Week in Review - August 25, 2017



National Association of Special Education Teachers

August 25, 2017                                                Vol 13 Issue # 33

Dear NASET News,

Welcome to NASET'sWEEK in REVIEW.  Here, we provide you with the latest publications from NASET to read and or download, as well as some of the most interesting articles that have happened this week in the field of special education. We hope you enjoy this publication.  Feel free to send us articles for this publication or let us know your thoughts about the WEEK in REVIEW at news@naset.org. Have a great weekend.


NASET News Team


NASET's Inclusion Series

Teaching Students with Learning Disabilities
This lecture focuses on teaching students with learning disabilities.  Topics covered include: definition of learning disabilities, processing disorders, visual processing, auditory processing, processing speed, types of learning disabilities, discrepancy formulas, causes of learning disabilities, characteristics of children with learning disabilities and teaching strategies. Read More

Exposure to Violence and Obesity Linked in Teens

Teens consumed more unhealthy foods and beverages on days they were exposed to violence, and suffered from fatigue due to poor sleep the next day, according to a new study by Duke researchers. Those behaviors, especially increased soda consumption, are important predictors of weight gain. More than 20 percent of U.S. adolescents are classified as obese. Obesity rates are higher among low-income children, and the rates are highest among Hispanic and African American children ages 12 to 19. Children exposed to violence are at greater risk for obesity, but exactly how that occurs is not well understood, the researchers said. Read More

When Push Comes to Injury: What Pushing a Wheelchair Does to Your Back

When you push someone in a wheelchair, you may be hurting your back without knowing it. Researchers at The Ohio State University Spine Research Institute measured the forces on the spine caused by pushing a wheelchair, and discovered that people aren't good at judging when they're exerting forces strong enough to hurt their back. The study appears in the journal Ergonomics. When asked to push a simulated wheelchair against increasing resistance, study participants typically exceeded the recommended limits to avoid back injury by nearly 20 percent before they decided to quit. Read More

Genetic Testing Helps Detect Cause of Early Life Epilepsy

A study published in JAMA Pediatrics supports the use of genetic testing, especially with sequencing, as first-line diagnostic method for young children with seizures. Specific genetic factors were found to be the cause of epilepsy in 40 percent of patients evaluated for first presentation with seizures. Genetic testing also yielded a diagnosis in 25 percent of children who had epilepsy with an otherwise unknown cause. "This could be a game-changer in epilepsy diagnosis and could make precision medicine part of standard clinical practice," says lead author Anne T. Berg, PhD, from Stanley Manne Children's Research Institute at Ann & Robert H. Lurie Children's Hospital of Chicago. "Identifying the precise cause of a child's epilepsy as soon as possible would help us choose the most effective treatment to control seizures early on, which is important for healthier brain development. We found that genetic sequencing tests have a very high diagnostic yield, much more than some of the other tests that are routinely performed in initial work-up of early life epilepsy. Arriving at an accurate genetic diagnosis also would make many other tests unnecessary." Read More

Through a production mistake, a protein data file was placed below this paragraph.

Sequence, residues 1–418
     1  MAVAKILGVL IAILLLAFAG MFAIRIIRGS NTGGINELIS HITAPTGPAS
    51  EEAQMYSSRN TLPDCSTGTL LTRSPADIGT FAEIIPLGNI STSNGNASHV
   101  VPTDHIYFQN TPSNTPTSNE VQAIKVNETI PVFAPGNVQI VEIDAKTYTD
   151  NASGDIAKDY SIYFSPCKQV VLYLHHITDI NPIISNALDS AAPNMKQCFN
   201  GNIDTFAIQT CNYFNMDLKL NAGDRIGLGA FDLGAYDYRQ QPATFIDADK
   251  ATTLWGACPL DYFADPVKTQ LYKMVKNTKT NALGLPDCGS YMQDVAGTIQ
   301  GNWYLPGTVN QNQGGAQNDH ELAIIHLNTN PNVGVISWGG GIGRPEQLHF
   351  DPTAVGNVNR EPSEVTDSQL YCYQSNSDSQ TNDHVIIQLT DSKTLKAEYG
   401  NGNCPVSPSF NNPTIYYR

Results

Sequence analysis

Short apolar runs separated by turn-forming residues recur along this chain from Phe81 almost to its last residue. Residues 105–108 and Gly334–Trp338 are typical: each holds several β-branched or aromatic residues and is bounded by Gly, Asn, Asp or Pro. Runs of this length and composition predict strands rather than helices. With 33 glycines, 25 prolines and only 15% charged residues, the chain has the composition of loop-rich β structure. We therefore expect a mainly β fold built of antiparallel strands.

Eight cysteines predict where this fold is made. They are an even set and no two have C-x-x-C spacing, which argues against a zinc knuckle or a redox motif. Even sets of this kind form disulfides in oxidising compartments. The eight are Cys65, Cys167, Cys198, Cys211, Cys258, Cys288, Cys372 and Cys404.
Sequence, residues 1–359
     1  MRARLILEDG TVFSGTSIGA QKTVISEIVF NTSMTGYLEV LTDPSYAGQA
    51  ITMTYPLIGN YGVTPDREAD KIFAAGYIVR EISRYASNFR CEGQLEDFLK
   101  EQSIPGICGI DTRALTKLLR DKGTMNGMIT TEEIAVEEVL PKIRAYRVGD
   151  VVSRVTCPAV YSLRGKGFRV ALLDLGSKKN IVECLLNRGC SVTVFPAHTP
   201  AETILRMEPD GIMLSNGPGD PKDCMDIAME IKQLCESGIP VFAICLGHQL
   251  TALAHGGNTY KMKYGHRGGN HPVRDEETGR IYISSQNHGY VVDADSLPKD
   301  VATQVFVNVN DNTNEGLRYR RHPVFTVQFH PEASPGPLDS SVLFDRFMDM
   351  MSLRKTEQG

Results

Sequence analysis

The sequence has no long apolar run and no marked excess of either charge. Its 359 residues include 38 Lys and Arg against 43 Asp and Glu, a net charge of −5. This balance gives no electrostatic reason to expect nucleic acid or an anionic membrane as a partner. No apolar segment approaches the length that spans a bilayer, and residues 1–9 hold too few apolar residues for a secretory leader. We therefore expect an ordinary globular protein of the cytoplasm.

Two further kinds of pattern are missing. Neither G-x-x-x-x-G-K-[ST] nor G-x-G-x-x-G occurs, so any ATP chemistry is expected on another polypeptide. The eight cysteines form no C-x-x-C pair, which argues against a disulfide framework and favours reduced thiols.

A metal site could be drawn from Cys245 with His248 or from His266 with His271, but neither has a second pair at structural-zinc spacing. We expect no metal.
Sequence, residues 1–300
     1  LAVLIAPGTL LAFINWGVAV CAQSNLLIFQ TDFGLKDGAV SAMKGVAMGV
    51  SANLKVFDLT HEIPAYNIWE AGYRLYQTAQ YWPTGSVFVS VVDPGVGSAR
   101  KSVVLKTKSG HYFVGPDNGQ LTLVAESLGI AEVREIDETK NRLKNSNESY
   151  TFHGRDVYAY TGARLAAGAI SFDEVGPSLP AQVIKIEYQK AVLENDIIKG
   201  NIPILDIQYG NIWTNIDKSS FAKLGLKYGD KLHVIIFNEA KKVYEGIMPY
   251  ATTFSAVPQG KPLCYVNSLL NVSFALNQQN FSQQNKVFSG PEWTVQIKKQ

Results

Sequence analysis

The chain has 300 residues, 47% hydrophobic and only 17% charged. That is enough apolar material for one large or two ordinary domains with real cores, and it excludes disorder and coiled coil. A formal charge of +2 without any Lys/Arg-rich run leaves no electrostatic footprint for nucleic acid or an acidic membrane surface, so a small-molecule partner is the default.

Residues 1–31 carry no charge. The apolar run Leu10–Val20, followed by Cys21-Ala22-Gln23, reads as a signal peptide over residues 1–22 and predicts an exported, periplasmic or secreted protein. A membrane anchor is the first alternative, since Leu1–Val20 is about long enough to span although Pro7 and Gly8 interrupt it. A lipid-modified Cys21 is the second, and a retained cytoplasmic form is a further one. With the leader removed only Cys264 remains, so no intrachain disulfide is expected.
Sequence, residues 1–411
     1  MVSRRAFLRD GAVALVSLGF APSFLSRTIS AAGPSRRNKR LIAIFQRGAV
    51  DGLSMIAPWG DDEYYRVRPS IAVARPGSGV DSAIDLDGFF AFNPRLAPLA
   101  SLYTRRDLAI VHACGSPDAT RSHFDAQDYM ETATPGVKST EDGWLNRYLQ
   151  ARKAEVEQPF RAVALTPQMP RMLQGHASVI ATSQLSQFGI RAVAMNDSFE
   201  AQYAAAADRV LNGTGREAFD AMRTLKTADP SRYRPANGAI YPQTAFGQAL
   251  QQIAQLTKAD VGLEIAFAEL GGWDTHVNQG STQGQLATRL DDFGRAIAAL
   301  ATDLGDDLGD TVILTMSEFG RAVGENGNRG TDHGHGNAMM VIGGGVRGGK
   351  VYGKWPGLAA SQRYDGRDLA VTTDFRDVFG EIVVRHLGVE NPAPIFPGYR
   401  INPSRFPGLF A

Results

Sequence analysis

Netflix Drama '13 Reasons Why' Linked to Suicidal Thoughts

If you haven't heard of Netflix's television series "13 Reasons Why," just ask the nearest teenager. They'll tell you it's an immensely popular show among their young-adult peers, depicting the anguish and eventual suicide of a teenage girl as experienced by a friend listening to the series of audio-cassette journal entries she left behind. The implications of the show have been heavily debated. Some praised the show for its frank content, while some claimed it depicted an idealized idea of suicide that viewers might emulate. A new study published in JAMA Internal Medicine led by San Diego State University Graduate School of Public Health Associate Research Professor John W. Ayers delved into Americans' internet search history in the days after the series aired, and found that queries for suicide and how to commit suicide spiked in the show's wake. Read More

Can Sports Help Kids Manage Their ADHD Symptoms

It's no secret that physical activity offers several benefits, including weight loss, maintaining good heart health and improving blood pressure. Additionally, it's advantageous for the child with attention deficit hyperactivity disorder: According to the Mayo Clinic, "regular exercise may have a positive effect on behavior in children with ADHD when added to treatment." Specifically, experts have found that physical activity plays a role in improving cognitive performance as well as brain function during tasks requiring greater executive control, areas in which those with ADHD may struggle. But what kind of physical activity is best for kids with ADHD? Many young children may be inclined to participate in sports, yet he or she may be hesitant because of their uneasiness regarding their inattention or hyperactivity - behaviors that could potentially impact the social and physical skills required, especially in team sports. Parents may even wonder if their child could be at an increased risk for injury. Read More

Board Certification in Special Education Available to NASET Members